Humanity, in terms of its own resources, stands before death helpless and hopeless. It seems like our loved ones pass into nothingness as we are separated from their presence. But the death and resurrection of Jesus testify to a different reality that God will bring about in the new heaven and new earth--victory over the grave and embodied immortality. God provides the help and hope.
And yet as we lower our loved ones into the grave, death has its sting as we are cut off from their loving presence. Death stings us with their absence. Death, even with all the hope we can muster, stings us with doubt, curiosity and anxiety. This separation generates questions. Where did they go? What are they experiencing? Am I still connected with them in some way other than memories in the mind and yearnings in the heart?
I imagine the Christians of Asia Minor experienced similar anxieties and questions as they witnessed the martyrdom of friends and family in the late first century. The Revelation of Jesus Christ, at least in part, addresses these anxieties and questions as a way of encouraging the patient endurance of God's people in the midst of the trial that encompassed them (Rev. 3:10).
The trial entailed the seven-fold unsealing of a scroll, the announcement of a judgment the scroll contained, and the implementation of that judgment through the pouring out of the bowls of wrath (Rev. 4-16). John sees this drama unfold--it is the vision he is given as he is lifted up in the Spirit into the throne room of God (Rev. 4:2). In the throneroom, John sees the trial of the earth executed from divine throneroom.
Before the judgment of the seals is executed, the servants of God upon the earth are "sealed" (marked for protection). Though the earth experiences the testing of God, the people of God upon the earth (the church militant) is hedged by God's loving care (Rev. 7:1-8).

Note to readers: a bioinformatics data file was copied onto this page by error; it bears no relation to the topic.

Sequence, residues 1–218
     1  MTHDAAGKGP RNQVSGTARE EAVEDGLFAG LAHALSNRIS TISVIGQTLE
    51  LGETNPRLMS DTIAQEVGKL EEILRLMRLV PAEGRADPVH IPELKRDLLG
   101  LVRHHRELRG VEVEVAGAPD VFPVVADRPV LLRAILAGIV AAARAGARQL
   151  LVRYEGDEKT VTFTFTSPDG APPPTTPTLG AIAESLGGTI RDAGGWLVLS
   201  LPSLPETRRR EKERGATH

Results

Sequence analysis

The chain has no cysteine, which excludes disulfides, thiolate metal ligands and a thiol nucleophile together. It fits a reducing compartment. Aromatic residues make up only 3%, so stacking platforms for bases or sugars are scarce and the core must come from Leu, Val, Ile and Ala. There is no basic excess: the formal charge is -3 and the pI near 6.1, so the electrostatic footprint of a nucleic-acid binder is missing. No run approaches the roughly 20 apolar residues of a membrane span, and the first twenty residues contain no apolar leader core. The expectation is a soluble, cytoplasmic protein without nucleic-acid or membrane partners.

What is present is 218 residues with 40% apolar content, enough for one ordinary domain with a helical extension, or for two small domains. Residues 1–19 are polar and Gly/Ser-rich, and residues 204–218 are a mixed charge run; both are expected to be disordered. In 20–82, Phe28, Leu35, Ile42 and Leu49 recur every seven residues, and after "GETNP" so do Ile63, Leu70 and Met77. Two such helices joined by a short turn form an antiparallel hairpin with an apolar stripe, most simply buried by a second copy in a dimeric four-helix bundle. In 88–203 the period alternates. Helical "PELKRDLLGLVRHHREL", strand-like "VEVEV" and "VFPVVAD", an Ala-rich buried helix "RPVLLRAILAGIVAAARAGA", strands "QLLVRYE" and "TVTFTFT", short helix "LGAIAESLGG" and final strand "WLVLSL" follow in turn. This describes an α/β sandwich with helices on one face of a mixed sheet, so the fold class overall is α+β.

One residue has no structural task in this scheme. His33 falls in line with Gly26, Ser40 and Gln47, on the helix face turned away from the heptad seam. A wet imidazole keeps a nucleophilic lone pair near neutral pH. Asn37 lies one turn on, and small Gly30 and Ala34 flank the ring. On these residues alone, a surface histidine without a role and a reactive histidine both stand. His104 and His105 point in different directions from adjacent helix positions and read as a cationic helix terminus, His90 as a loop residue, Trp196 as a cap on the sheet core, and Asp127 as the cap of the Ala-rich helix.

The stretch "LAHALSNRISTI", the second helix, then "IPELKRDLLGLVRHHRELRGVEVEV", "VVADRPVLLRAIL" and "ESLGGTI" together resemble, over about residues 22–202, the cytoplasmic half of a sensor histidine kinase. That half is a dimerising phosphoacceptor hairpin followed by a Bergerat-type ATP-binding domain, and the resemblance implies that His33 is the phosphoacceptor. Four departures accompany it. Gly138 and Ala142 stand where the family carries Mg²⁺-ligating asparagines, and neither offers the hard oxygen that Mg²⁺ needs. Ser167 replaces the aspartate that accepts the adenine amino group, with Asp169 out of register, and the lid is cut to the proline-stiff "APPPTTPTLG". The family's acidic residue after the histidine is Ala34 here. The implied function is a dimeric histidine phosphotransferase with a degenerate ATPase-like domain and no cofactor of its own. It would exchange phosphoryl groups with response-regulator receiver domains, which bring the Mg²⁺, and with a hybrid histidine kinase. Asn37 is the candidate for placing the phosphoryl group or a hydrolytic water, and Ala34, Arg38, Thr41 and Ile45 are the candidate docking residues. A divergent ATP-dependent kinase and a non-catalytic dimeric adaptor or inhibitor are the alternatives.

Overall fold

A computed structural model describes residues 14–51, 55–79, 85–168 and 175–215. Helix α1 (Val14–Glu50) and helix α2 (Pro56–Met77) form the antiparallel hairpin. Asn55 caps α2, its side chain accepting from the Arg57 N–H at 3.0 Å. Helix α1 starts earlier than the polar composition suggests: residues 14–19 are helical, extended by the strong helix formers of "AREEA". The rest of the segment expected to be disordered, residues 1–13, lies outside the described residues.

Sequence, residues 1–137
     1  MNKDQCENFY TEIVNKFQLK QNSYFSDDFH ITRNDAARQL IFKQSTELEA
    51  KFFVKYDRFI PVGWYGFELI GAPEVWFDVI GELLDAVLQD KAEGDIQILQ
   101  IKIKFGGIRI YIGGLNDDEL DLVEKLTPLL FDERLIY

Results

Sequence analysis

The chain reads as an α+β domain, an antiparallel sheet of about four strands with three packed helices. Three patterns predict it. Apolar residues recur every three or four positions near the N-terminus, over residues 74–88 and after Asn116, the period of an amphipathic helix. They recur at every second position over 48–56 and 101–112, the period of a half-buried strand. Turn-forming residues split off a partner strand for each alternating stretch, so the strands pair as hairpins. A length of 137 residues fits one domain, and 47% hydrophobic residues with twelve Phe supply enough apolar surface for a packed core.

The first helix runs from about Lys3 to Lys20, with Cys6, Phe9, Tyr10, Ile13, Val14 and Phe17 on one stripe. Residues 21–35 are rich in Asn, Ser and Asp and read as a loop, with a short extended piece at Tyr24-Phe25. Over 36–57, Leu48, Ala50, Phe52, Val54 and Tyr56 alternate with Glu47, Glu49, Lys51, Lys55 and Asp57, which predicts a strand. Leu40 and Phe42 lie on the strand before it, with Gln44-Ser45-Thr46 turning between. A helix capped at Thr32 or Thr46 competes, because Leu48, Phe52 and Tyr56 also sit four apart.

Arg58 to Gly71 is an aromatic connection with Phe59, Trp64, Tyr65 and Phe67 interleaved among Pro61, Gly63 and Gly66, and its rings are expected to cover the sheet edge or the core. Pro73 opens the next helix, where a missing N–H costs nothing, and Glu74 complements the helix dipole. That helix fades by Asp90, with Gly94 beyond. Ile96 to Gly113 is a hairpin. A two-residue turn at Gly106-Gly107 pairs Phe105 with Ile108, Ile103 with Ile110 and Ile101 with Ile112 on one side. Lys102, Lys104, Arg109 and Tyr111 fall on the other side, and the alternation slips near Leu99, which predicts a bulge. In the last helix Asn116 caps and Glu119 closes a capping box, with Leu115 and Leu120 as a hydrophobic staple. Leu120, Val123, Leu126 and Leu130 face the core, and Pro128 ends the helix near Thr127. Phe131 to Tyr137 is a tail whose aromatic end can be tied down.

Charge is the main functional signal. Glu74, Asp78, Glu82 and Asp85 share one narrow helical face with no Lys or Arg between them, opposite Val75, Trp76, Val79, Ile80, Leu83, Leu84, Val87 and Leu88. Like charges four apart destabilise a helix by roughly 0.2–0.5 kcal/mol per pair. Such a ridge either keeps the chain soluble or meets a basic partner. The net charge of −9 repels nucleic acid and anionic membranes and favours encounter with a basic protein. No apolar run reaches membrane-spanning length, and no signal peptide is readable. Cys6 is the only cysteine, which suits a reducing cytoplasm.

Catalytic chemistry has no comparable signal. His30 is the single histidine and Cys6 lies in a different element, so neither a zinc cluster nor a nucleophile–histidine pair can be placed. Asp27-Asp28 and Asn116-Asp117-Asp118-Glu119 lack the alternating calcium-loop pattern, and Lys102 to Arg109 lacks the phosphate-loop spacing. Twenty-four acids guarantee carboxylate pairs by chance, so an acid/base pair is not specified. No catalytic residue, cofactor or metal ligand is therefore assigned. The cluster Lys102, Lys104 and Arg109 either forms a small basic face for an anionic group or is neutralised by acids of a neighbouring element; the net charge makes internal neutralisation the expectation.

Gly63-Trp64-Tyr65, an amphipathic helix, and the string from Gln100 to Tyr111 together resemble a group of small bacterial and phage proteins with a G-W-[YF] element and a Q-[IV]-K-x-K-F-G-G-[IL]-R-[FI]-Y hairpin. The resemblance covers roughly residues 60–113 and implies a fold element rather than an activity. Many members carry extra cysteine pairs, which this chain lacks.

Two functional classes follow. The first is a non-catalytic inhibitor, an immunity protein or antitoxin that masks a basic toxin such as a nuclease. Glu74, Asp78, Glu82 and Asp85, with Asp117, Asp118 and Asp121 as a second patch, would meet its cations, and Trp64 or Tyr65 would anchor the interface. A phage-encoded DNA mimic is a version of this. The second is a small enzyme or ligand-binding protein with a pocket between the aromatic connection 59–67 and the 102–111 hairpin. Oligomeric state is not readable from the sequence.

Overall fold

But there is another group pictured in Revelation 7. This group is not upon the earth, but is in the throneroom of God. This "great multitude" stands "before the throne and in front of the Lamb" (Rev. 7:9). They are adorned in their white robes (cleansed purity) and hold palm branches (festive joy) in their hands.
Who are they? "These are they who have come out of the great tribulation" (Rev. 7:14). These are those who have passed through the trial--those who were martyred for the testimony of Jesus, those who overcame through their faithful obedience to the testimony of Jesus, those who followed the Lamb. These are those who have "died in the Lord" (Rev. 14:13). They have moved from earth to the throneroom. They are those who have come through the trial into the presence of God. They have passed through the doors to death by way of the gates of the heavenly throneroom.
They presently experience the reality of that throneroom. They stand before the one on the throne and serve him day and night. "Never again" will they hunger or thirst or experience trial. The Lamb is their shepherd and he provides all they will ever need. God has wiped away all their tears.
This picture encourages readers still upon the earth--readers who will yet experience the trial. The vision bears witness to the reality of their passage from earth to heaven. The vision encourages faithfulness and endurance as it assures the people of God of the journey through death (out of the tribulation) into the presence of God.
I believe it provides a glimpse into the experience of those who have died in the Lord. They presently serve God before his throne. The Lamb is with them before that throne. They share the reality (wherever, whatever that may be like) of the angelic hosts--they occupy the same space around the throne that the angels occupy.
This has a pastoral purpose. The text is not explicitly concerned to offer a particular understanding of or theorize about the "intermediate state." Rather, it has the pastoral function of assuring those upon the earth about the reality of post-death experiences in the presence of God. It promotes endurance and faithfulness. It comforts the people of God as they face death.
In the light of this text (and I know there are quibbles and alternative readings), I mediate often on the experience of my loved ones. I imaginatively and contemplatively join them around the throne of God. I am comforted by their experience, or, better, I am comforted by the divine faithfulness that not only fills me with Holy Spirit presence now but also shepherds my loved ones in his own presence contemporaneously. That presence here and there connects me with them. Divine presence is my link to them.
I know who they are. They are my father, my wife, my son. Where are they? They have moved from here to there, from this earthly existence into the throne room of God. And they swaying their festive palm branches in praise of the one who sits on the throne and the Lamb as they experience of the periochretic dance of divine love.
Yes, they are home. But they have not yet experienced all that God has in store for them or us.